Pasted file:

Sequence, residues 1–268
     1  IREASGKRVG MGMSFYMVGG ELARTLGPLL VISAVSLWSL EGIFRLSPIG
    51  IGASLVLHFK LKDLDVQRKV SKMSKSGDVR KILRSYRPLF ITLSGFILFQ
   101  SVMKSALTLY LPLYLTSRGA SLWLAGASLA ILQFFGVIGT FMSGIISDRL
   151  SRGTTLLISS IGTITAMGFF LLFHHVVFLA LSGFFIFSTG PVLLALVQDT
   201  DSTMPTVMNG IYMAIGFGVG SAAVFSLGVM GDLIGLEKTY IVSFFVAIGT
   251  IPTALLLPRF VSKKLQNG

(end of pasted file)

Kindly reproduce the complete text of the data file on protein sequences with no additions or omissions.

Sequence, residues 1–268
     1  IREASGKRVG MGMSFYMVGG ELARTLGPLL VISAVSLWSL EGIFRLSPIG
    51  IGASLVLHFK LKDLDVQRKV SKMSKSGDVR KILRSYRPLF ITLSGFILFQ
   101  SVMKSALTLY LPLYLTSRGA SLWLAGASLA ILQFFGVIGT FMSGIISDRL
   151  SRGTTLLISS IGTITAMGFF LLFHHVVFLA LSGFFIFSTG PVLLALVQDT
   201  DSTMPTVMNG IYMAIGFGVG SAAVFSLGVM GDLIGLEKTY IVSFFVAIGT
   251  IPTALLLPRF VSKKLQNG